The operation managed to separate the Siamese twins from Bhutan in Australia

Nima and Dawa PeldenCopyright of the image
EPA

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The Bhutanese twins Nima and Dawa were united by the torso.

A team of surgeons in Australia successfully separated the Siamese twins from Bhutan.

The 15-month-old girls, Nima and Dawa Pelden, were joined by their torso and shared a liver.

The dott. Joe Crameri, who led the surgeons team at the Royal Children's Hospital in Melbourne, said this the little ones had endured the surgical procedure "very well" six hours and have the chance to recover completely.

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AFP

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Dr. Joe Crameri led the team of surgeons at the Royal Children's Hospital in Melbourne, Australia.

The doctor stated that it was "a pleasure" to inform the girls' mother, Bhumchu Zangmo, that the operation had been successful.

"There's nothing better in an operation than being able to go to their parents and tell them that we've been able to take care of their children," he said.

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AFP

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About 18 specialists, divided into two teams, one for each girl, participated in the surgical procedure.

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AFP

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The picture shows one of the twins removed from the operating table after surgery.

Nina and Dawa had grown up in front of each other and could not sit together. They could stop, but only if they did it at the same time.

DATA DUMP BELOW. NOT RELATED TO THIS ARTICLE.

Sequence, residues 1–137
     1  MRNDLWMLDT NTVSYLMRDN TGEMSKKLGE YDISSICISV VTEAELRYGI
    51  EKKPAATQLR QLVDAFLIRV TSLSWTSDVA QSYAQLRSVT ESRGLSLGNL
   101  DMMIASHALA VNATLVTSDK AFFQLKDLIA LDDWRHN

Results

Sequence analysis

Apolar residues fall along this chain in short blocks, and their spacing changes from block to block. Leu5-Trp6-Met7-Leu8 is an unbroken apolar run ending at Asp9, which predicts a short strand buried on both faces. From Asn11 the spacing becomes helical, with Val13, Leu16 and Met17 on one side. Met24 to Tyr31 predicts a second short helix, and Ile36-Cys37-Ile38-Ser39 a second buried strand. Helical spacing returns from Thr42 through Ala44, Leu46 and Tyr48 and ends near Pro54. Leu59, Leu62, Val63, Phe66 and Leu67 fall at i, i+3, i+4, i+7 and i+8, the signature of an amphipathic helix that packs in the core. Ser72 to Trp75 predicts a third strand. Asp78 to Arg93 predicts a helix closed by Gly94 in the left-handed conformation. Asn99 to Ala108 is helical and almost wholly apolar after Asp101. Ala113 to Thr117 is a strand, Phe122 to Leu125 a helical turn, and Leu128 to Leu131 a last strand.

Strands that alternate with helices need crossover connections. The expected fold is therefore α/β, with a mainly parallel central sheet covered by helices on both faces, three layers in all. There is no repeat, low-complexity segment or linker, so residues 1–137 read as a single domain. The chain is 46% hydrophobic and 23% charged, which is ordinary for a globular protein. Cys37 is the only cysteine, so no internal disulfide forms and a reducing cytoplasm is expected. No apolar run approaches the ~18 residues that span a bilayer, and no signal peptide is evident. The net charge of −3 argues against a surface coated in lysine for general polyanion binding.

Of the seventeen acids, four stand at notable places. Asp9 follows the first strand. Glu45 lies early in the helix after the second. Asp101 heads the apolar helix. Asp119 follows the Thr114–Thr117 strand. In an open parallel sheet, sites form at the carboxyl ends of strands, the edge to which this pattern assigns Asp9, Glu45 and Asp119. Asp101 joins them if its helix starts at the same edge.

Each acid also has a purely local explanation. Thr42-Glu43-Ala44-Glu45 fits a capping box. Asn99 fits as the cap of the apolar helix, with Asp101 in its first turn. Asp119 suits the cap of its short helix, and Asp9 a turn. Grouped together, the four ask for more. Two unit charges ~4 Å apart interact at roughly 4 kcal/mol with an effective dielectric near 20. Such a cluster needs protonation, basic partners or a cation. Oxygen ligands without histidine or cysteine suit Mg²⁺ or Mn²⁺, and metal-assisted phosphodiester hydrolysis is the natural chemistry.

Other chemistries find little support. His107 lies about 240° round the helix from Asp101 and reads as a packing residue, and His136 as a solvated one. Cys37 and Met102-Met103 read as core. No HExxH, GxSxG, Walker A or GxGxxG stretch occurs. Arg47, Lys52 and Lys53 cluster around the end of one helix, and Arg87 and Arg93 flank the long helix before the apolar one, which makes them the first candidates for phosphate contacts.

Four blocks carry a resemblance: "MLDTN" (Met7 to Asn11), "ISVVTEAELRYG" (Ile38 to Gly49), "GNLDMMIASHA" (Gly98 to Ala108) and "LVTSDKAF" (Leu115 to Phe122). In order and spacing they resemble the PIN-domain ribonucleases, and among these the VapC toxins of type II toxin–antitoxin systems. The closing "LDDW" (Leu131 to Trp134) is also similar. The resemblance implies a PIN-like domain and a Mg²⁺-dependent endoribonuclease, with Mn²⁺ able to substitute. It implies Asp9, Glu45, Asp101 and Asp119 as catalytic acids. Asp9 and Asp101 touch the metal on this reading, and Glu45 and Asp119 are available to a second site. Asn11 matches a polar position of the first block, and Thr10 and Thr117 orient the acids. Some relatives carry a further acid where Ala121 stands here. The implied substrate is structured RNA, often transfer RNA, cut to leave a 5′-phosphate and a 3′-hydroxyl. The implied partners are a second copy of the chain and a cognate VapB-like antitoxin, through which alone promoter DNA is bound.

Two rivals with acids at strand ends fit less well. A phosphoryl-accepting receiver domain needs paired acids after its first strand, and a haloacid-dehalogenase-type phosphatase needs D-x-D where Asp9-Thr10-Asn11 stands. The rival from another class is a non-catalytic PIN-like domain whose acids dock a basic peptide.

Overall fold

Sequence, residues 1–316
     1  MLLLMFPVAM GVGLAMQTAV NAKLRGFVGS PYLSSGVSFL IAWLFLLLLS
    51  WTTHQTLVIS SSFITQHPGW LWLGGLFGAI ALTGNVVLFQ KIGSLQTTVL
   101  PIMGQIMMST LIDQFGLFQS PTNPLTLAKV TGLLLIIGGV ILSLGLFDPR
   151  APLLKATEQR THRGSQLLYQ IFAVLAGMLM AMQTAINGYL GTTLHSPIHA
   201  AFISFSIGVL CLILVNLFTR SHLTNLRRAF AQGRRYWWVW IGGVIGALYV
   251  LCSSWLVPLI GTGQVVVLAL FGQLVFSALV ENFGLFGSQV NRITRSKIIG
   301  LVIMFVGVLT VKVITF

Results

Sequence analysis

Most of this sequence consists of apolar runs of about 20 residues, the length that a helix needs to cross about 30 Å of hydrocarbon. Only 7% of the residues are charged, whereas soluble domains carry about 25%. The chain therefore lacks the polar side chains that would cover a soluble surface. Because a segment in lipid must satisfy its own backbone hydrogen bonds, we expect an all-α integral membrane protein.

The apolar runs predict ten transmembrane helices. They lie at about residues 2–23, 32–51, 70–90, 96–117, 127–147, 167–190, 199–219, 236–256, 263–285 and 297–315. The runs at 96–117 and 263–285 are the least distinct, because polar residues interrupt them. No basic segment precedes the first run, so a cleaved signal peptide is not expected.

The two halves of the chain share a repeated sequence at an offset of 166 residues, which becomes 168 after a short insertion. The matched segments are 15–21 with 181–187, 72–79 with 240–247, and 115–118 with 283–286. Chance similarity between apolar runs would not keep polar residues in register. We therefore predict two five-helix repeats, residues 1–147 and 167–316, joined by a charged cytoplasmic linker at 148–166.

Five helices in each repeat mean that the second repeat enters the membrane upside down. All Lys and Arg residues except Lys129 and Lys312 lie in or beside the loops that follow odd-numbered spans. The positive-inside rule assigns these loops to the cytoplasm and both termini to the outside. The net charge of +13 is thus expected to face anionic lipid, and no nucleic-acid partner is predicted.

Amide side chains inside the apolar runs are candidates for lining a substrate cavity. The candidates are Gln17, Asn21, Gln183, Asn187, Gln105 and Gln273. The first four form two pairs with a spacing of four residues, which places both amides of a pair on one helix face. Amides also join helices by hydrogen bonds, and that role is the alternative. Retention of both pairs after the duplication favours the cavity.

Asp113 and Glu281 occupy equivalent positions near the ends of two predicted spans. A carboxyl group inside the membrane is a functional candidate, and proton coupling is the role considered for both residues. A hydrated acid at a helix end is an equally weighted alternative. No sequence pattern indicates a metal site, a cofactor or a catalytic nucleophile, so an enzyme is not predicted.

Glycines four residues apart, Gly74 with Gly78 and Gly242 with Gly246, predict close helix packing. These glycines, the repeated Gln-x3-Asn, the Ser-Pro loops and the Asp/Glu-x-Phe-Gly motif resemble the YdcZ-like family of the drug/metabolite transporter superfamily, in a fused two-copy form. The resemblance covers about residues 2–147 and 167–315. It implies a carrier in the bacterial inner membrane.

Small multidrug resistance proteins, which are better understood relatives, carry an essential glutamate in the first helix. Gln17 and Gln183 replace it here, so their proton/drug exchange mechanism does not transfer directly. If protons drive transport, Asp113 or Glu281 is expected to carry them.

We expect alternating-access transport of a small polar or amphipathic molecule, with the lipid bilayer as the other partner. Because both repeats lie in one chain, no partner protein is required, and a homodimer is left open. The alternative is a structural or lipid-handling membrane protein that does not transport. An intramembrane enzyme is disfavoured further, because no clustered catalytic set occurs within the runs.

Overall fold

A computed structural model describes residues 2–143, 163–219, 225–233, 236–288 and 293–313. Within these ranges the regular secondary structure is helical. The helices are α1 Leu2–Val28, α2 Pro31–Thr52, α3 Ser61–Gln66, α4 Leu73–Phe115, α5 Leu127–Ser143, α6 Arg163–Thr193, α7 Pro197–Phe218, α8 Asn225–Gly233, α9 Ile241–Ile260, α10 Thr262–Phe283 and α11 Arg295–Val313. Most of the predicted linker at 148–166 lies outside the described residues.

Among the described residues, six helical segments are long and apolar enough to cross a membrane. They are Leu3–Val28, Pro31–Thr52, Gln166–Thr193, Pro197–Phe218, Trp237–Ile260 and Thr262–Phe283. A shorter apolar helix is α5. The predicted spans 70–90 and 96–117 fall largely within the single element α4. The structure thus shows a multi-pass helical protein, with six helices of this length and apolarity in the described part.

The twins arrived in Melbourne with their mother last month, but the doctors have postponed the operation until this week improve your nutritional needs.

About 18 specialists, divided into two teams, one for each girl, participated in the surgical procedure.

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AFP

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The doctors said that the operation was not as complicated as they feared.

The doctors successfully split the twins' liver. And during the operation they found out they did not share a gut, they could not know before the procedure.

"We are always confident we can do it," said Dr. Crameri. "But we did not know what we would find."

The doctor indicated that "in the girls' stomach there was nothing that we were not prepared to face".

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AFP

Image caption

During the operation the doctors found that the girls did not share a gut, which they could not know before the procedure.

Siamese twins are very rare cases. It is thought that to represent one out of 200,000 births, and between 40 and 60% of these births were born of birth.

Every year only a few Siamese separations are held all over the world.

The Bhutanese family was brought to Australia by the Children First Foundation, an assistance organization based in that country.

Elizabeth Lodge, of the Foundation, states that the girls' mother was "a little frightened", but that she demonstrated "extraordinary tranquility" before the procedure.

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EPA

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The girls are in Australia with their mother, Bhumchu Zangmo.

The organization claimed that now the girls could breathe without help.

"Bhumchu has already seen his girls and kissed them … everyone is sleeping apart for the first time," he said in a statement.

The Australian state of Victoria It is offered to cover the cost of the operation of US $ 255,000.

The family is expected to return to the Himalayan kingdom, which is one of the poorest nations in the world, after the recovery of the twins.

In 2009, this same hospital carried out a successful operation to separate the Siamese twins from Bangladesh.

The girls, Trishna and Krishna, who were joined by the boss, were subjected to a 32-hour operation that saved their lives.

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